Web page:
Sallie Krawcheck Copyright Joe Scarnici, Getty Images

He Harassed. Later, I Responded.

Sexual harassment is not just confined to the entertainment industry. Here’s what happened to Sallie Krawcheck.

This post originally appeared on the Ellevest blog, part of Sallie Krawcheck’s Ellevate Network.

Well, the past couple of weeks seem to have been all-Harvey-Weinstein-all-the-time. Yuck. When I’ve gotten together with my girlfriends since the news broke, each of us shared our “powerful man made a pass at me at work” story.

Here’s mine.

Him: A name you would know from finance and government. Let’s call him Mr. X. (Wonder why I'm not naming him? Read more below.)

Me: At the time I was the Director of Research at Sanford C. Bernstein.

Location: Bernstein’s big research conference, which was my responsibility. Mr. X was the luncheon keynote speaker.

The Moment: After he had spoken and the room had mostly cleared (except for some of my colleagues), I went over to thank him.

His Actions: He invited me to his hotel room, while sticking out his tongue and wiggling it at me, making this weird guttural noise. I guess it was supposed to be sexy. I got out of there as quickly as I could after I fake-laughed in front my colleagues who saw the whole thing, as a means of hiding my embarrassment.

Now this is different from many of the stories coming out about Harvey Weinstein or venture capitalists or the crew at Fox because I never felt threatened or compromised.

Weirded out, yes. A bit confused, maybe. Gobsmacked, certainly, thinking: “Mr. X? Really? Who would have guessed?” But not threatened. Infuriatingly, this wasn’t my first time being harassed at work: earlier in my career, I had daily photocopies of male genitalia left on my desk. Thankfully, those days are long behind me. Still, it’s unsettling, in a different way, when someone is comfortable acting sexually inappropriate to your face—in front of other people.

Every once in a while, I’d ask those guys who was close enough to hear and see the whole thing: “Did Mr. X, world-renowned financier, really wiggle his tongue at me and make a guttural noise? ” Answer: “Yes. Yes, he did.”

Fast Forward, some years later I’m working at Citi, and I find out that Mr. X is up for a big-deal position there—one of those cushy jobs that famous bigwigs used to get—the large office, the private jet and very few responsibilities, except for glad-handing the VIP clients.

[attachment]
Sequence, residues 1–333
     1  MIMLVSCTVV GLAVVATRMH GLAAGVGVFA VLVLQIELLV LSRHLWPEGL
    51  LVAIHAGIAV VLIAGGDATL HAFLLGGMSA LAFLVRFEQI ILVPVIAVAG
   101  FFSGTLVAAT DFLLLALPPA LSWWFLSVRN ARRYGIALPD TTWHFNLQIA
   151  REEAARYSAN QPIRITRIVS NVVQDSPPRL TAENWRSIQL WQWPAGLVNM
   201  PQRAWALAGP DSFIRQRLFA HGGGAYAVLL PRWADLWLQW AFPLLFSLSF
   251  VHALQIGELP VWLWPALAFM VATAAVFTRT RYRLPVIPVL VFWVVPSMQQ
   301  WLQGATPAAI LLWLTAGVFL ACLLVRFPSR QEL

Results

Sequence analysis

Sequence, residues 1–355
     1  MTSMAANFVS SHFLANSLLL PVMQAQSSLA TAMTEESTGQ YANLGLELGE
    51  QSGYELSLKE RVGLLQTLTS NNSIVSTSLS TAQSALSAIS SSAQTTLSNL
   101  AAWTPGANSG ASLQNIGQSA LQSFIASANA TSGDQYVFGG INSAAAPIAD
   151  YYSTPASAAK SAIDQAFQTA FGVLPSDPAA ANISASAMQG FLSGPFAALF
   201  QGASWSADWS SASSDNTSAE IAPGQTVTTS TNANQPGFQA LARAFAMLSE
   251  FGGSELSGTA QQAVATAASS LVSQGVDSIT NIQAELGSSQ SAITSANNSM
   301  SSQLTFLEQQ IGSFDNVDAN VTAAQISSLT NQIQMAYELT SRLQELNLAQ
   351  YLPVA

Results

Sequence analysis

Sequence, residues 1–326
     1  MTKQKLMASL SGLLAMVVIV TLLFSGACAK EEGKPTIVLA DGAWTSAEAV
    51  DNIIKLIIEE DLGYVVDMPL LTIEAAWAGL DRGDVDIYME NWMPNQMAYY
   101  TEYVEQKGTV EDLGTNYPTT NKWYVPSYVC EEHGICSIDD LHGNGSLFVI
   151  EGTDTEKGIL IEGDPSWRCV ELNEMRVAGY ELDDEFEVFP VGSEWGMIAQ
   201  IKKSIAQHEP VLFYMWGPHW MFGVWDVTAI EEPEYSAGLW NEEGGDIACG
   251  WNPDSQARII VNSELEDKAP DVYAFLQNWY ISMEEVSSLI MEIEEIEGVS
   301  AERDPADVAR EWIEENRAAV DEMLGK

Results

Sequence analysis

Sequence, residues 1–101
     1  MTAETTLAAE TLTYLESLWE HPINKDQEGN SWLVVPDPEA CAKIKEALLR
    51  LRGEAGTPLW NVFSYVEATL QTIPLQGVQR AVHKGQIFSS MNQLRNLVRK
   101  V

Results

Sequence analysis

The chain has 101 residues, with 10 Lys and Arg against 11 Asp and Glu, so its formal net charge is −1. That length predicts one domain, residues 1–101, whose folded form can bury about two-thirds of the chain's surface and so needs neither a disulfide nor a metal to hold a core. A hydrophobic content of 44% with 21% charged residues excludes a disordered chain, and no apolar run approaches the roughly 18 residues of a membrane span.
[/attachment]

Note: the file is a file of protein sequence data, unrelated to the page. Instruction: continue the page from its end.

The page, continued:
I scheduled time with the company’s CEO and told him that I was against the hire and described this Mr. X’s inappropriate behavior. When the CEO “tried to reason with me,” suggesting that perhaps I had misunderstood his signals, I told him that I would quit—and not quietly—if this jerk was brought on because I would feel we were knowingly bringing in a potential predator (and, for sure, a creep).

So Mr. X likely doesn't know it, but his inappropriate, creepy, skin-crawling pass cost him that job. And it cost him big time.

Why am I not naming him?

I’ve thought long and hard about that question. Each of us has to make our own decision about something like this. My decision is not to, since the power dynamic was not tilted as dramatically in his favor as with Harvey Weinstein, and also I wasn’t forced into a compromised position. And most of all, Mr. X’s actions toward me cost him a lot of money in the long run.

Because of good luck, timing, my years of hard, hard work and having built a solid reputation as a female executive woman on Wall Street, this guy lost millions of dollars on an opportunity because I was able to say “no, he can’t.” And since then I’ve noticed he hasn’t been in any high-level position to intimidate women.

I recognize how incredibly fortunate I was that the balance of power was in my favor, and that I had a boss who after a bit of debate took my advice.

Women today are finding power in calling these predators out publicly and amplifying these events, and by supporting each other when we do. This is why I'm so focused on the issues of women, because at the heart of all this, for us women this is all about power, freedom, and being able to say, “take this job and shove it.” I want all of us to have that power.

Something is shifting, and it’s important. As Kate McKinnon’s character said on this week’s Saturday Night Live, “Pandora’s box is open, and Pandora’s pissed.”

Financial feminist Sallie Krawcheck is the CEO and Co-Founder of Ellevest, a recently launched innovative digital investment platform for women. She is chair of Ellevate Network, the global professional woman’s network, and of the Pax Ellevate Global Woman’s Index Fund, which invests in the top-rated companies in the world for advancing women. She is also the best-selling author of “Own It: The Power of Women at Work.”

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